Grand Opera House York – until 9 November 2019
Reviewed by Michelle Richardson
Based on the bestselling books by Liz Pichon, Tom Gates Live on Stage, is bought to the stage by the same producers who gave us Horrible Histories and Gangsta Granny.
It tells the story of Tom (Matthew Chase), who is trying to keep his nose clean at school, after receiving so many sad faces on the school achievement chart. He is in dangerous water, one more sad face and he won’t be able to go on the next school trip. No matter how hard he tries, things just seem to go from bad to worse. Tom is really quite cool, he plays in a band, Dog Zombies, has quite a cool family and great friends, but really struggles with school and homework, especially with the meddlesome Marcus in his class. In his quest to get rid of his sad faces in order to get on that school trip, to the trip of his dreams, to a biscuit factory, we see him trying to redeem himself, with some disastrous consequences.
I’m not quite sure how old Tom is meant to be, about 10 I would guess. Chase provides great energy in his performance and we can thoroughly believe he is that character, full of mischief and loveable at the same time. He is joined by best friend Derek (Matthew Gordon, who also doubles up as Grandad), angelic Amy (Amy Hargreaves, doubling up as stroppy sister Delia) and thoroughly annoying Marcus (Ashley Cousins, doubling up as granny). Daniel Harkin, Justin Davies, Alice Redmond and Ebony Wong, make up the rest of the talented cast, who were more that suited for all their roles, providing just the right energy for their target audience.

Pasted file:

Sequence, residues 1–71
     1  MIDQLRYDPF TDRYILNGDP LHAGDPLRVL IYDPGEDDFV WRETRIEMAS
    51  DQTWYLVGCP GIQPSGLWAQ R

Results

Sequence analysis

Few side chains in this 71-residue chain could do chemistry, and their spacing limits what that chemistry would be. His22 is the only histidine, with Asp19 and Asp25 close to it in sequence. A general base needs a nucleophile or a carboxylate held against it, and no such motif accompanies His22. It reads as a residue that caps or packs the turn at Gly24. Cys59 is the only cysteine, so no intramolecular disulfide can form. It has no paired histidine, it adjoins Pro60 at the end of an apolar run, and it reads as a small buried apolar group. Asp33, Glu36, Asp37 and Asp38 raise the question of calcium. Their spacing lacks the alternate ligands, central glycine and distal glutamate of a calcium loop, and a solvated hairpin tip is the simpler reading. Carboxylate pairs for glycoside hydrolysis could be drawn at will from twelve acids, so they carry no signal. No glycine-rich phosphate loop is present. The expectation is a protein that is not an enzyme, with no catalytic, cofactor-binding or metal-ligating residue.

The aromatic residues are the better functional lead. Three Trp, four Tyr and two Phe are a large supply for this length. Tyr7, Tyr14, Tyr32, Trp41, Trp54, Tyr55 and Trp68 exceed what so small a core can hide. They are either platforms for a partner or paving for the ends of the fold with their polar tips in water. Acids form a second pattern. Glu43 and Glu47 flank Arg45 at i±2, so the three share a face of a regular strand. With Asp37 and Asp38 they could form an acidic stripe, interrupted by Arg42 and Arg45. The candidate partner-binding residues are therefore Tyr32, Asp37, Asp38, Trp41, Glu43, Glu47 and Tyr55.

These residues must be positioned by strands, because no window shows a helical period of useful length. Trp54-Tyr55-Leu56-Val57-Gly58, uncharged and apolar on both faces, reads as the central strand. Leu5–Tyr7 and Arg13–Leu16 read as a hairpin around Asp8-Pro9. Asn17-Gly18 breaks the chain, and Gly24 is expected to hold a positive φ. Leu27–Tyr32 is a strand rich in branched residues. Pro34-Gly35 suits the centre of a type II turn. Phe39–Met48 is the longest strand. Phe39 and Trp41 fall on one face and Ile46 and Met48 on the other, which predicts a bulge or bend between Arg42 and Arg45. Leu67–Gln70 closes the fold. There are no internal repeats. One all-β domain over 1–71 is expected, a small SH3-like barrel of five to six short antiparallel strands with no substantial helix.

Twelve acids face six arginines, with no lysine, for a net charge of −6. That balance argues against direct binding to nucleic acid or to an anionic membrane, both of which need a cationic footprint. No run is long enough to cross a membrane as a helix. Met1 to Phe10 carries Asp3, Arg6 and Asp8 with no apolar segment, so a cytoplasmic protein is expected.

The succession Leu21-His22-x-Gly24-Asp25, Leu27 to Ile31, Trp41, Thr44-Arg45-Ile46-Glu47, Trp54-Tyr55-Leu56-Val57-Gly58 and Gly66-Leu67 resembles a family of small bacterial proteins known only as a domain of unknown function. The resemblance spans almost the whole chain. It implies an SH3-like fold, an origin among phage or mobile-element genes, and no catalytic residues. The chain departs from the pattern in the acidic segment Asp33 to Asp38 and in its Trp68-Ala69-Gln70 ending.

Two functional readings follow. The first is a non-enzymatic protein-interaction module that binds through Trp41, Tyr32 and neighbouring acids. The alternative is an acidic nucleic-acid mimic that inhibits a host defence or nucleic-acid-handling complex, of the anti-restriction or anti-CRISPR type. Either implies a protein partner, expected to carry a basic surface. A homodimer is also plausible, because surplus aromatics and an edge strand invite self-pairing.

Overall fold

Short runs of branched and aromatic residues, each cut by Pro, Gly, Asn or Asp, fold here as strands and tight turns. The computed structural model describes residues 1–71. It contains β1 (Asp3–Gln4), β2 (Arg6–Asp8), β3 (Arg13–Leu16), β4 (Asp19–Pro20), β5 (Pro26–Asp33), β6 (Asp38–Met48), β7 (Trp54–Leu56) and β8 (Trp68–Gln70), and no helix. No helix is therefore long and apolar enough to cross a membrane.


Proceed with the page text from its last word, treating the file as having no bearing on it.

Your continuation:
The set is simply amazing and so well thought out. Tom is a master doodler and a lot of doodling goes on, this is done via a screen projection at the back, with some truly fabulous effects, and apparently Liz Pichon’s own work. The doodles from the book turn into doors and windows, that open, but the pièce de résistance is the car. It was a sight to behold, the hotdog car (a drawing), trundling along with the windows winding up and down, and the characters being picked up and dropped off, as it travels around town. Magical! The zimmer frames also created a stir and a laugh, when I realised what they were.
I must admit I did not know anything about Tom Gates beforehand, though I had seen the books around, which I described as involving some sort of graffiti, pretty close to the mark, I think. This is a really fun show that had us grinning ear to ear and interacting and singing about how we all love chips, along with the rest of the audience. Even though we were the only adults in the theatre without an appropriately aged child, though I did take my very big child, we still had a great time.
This is definitely my favourite children’s play I have seen to date, pure fun for the whole family and a delight to watch. A chance to be a big kid for the evening.